The main information:
Thyroid nodules are growths of cells in the thyroid gland. These growths can be noncancerous (benign) or cancerous (malignant). Some nodules are fluid-filled (cysts), while others are made of thyroid gland cells. Sometimes, what feels like one nodule will actually be a collection of small nodules.
Thyroid nodules are more common in women than in men. A person's chance of a thyroid nodule increases with age.Only a few thyroid nodules are cancerous.
Most thyroid nodules don't cause signs or symptoms. Occasionally, however, some nodules become so large that you can:
- Feel them
- See the swelling at the base of your neck
They may become apparent when you're shaving or putting on makeup. Men sometimes become aware of a nodule when their shirt collars suddenly feel too tight.
In some cases, thyroid nodules produce too much thyroxine, a hormone normally secreted by your thyroid gland. The extra thyroxine can cause problems such as:
- Sudden, unexplained weight loss
- Rapid or irregular heartbeat
Although thyroid nodules are seldom cancerous (malignant), a nodule is more likely to be cancerous if it:
- Grows quickly or feels hard
- Causes you to become hoarse or to have trouble swallowing or breathing
- Causes enlarged lymph nodes under your jaw or in your neck
Exams and Tests
Very often, nodules produce no symptoms. Doctors will find thyroid nodules only during a routine physical exam or imaging tests that are done for another reason. However, thyroid nodules that are big enough to feel during a physical exam occur in a few people.
If the doctor finds a nodule or you have symptoms of a nodule, the following tests may be done:
Treatments and drugs
Depending on the type of thyroid nodule you have, your treatment options may include:
- Watchful waiting. If a biopsy shows that you have a benign thyroid nodule, your doctor may suggest simply watching your condition, which usually means having a physical exam and thyroid function tests at regular intervals. You're also likely to have another biopsy if the nodule grows larger. If a benign thyroid nodule remains unchanged, you may never need treatment beyond careful monitoring. Talk to your doctor if you're not comfortable with this approach or want more information on other options.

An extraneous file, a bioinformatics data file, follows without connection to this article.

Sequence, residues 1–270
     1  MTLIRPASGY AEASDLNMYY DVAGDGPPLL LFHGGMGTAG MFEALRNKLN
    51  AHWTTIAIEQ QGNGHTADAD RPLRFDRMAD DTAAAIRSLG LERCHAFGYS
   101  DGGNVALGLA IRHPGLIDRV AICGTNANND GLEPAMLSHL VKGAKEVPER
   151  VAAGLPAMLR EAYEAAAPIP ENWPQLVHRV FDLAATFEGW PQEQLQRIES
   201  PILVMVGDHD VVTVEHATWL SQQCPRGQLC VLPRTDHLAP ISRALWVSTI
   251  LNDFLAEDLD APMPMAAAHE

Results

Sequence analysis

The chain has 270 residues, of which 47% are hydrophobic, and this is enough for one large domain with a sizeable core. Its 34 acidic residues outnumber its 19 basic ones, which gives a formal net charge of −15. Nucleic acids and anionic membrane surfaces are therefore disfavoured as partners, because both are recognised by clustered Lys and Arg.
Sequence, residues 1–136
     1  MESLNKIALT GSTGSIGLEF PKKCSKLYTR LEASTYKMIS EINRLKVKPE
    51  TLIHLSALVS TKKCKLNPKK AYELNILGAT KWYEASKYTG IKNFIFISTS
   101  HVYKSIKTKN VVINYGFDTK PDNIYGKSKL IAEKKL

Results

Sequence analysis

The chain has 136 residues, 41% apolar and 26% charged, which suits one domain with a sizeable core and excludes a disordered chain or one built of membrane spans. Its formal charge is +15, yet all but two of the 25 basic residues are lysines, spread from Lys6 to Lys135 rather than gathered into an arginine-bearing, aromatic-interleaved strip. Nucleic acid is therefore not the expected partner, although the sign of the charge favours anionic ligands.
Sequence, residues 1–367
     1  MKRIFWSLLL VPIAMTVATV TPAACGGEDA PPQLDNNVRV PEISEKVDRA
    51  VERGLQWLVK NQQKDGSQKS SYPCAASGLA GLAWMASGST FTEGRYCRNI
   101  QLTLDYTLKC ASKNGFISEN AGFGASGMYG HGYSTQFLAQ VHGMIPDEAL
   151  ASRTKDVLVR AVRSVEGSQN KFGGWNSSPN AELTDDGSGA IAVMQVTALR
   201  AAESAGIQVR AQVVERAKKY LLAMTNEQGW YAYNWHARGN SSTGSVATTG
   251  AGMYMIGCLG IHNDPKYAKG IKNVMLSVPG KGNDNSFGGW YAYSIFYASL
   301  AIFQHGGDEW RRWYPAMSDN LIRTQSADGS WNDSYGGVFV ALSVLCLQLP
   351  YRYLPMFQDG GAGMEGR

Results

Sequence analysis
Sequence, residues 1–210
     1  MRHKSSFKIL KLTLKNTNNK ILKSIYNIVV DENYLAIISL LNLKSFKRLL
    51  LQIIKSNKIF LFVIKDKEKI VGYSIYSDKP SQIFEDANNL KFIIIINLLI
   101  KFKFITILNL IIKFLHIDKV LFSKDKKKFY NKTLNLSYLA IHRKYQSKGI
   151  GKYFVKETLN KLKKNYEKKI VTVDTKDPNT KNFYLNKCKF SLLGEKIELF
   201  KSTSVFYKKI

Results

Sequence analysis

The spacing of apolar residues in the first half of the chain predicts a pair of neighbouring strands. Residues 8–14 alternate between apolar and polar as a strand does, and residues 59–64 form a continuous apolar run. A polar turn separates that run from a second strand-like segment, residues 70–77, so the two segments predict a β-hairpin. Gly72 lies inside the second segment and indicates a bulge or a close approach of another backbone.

- Thyroid hormone suppression therapy. This involves treating a benign nodule with levothyroxine (Levoxyl, Synthroid), a synthetic form of thyroxine that you take in pill form. The idea is that supplying additional thyroid hormone will signal the pituitary to produce less TSH, the hormone that stimulates the growth of thyroid tissue. Although this sounds good in theory, levothyroxine therapy is a matter of some debate. There's no clear evidence that the treatment consistently shrinks nodules or even that shrinking small, benign nodules is necessary.
- Radioactive iodine. Doctors often use radioactive iodine to treat hyperfunctioning adenomas or multinodular goiters. Taken as a capsule or in liquid form, radioactive iodine is absorbed by your thyroid gland, causing the nodules to shrink and signs and symptoms of hyperthyroidism to subside, usually within two to three months.Because thyroid hormone is released into your bloodstream as the nodules are destroyed, in rare cases your symptoms may worsen for a few days or weeks after therapy. You also might experience neck tenderness or a sore throat. And because this treatment eventually causes thyroid activity to slow considerably, you may develop hypothyroidism.
- Surgery. The usual treatment for malignant nodules is surgical removal, often along with the majority of thyroid tissue — a procedure called near-total thyroidectomy. Occasionally, a nodule that's clearly benign may require surgery, especially if it's so large that it makes it hard to breathe or swallow. Surgery is also considered the best option for people with large multinodular goiters, particularly when the goiters constrict airways, the esophagus or blood vessels. Nodules diagnosed as indeterminate or suspicious by a biopsy also need surgical removal so they can be examined more thoroughly for signs of cancer.Risks of thyroid surgery include damage to the nerve that controls your vocal cords and damage to your parathyroid glands — four tiny glands located on the back of your thyroid gland that help control the level of calcium in your blood. After thyroidectomy, you'll need lifelong treatment with levothyroxine to supply your body with normal amounts of thyroid hormone.
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